LAWRENCE ROBERTS AGAINST STUFF

Case Number: 2894

Council Meeting: APRIL 2020

Verdict: No Grounds to Proceed

Publication: Stuff

Ruling Categories: Balance, Lack Of
Headlines and Captions
Offensive Language
Unfair Coverage

Overview

Lawrence Roberts complained about a piece God defend New Narkland – hundreds call cops to dob in lock-down cheats published on Stuff on March 27.

Mr Roberts said in using the word Narkland the writer chose to denigrate those who wanted to do their bit to keep all safe. He also complained that balance and fairness were missing as the write “expends effort on curtain peeping and the like without weighing the consequences for a society that is not vigilant.” There was no discussion of the responsibility of all New Zealanders to exercise restraint and the tension between what is seen on one hand as the exercising of individual freedom and collective responsibility on the other.

In response Stuff noted that the piece was clearly tongue-in-cheek – a rare slice of humour among the vast number of serious stories Stuff had published on the coronavirus pandemic. Stuff later added the tag Opinion but noted that sentences such as “Reporters have already been reporting on reports from citizen reporters on reports of reported breaches” were a clear signal the reader was not reading a serious story.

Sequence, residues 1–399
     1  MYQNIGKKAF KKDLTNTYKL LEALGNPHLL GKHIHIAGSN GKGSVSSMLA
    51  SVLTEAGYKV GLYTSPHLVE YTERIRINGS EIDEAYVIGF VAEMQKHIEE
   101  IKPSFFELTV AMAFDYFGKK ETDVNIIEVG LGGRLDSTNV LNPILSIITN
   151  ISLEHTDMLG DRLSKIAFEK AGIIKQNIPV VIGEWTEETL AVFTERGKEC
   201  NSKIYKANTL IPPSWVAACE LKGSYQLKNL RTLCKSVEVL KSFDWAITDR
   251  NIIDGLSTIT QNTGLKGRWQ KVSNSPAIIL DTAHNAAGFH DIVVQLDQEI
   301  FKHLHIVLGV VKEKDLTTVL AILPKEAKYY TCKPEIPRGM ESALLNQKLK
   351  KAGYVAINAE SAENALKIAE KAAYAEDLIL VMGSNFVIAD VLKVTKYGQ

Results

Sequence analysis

Even without the Opinion tag the Media Council believes the piece would clearly be understood to be an opinion piece and a quasi-satirical dig at the propensity for some to report the misdemeanours of others.TheNew Narkland reference in the headline was a clear indicator of this. The fact that Covid-19 is a serious public health threat doesn’t mean that every word on the subject has to be in deadly earnest.There is scope for lightness and humour in every crisis as was demonstrated when the Prime Minister made her reassuring declaration that the Easter Bunny and tooth fairy were essential workers.

Further the Council notes that there are no requirements for balance and fairness in an opinion piece and that there was plenty of other published material that examined the lockdown rules from several points of view.

Finding

There are insufficient grounds to argue a breach of Media Council Principles and this complaint will not proceed.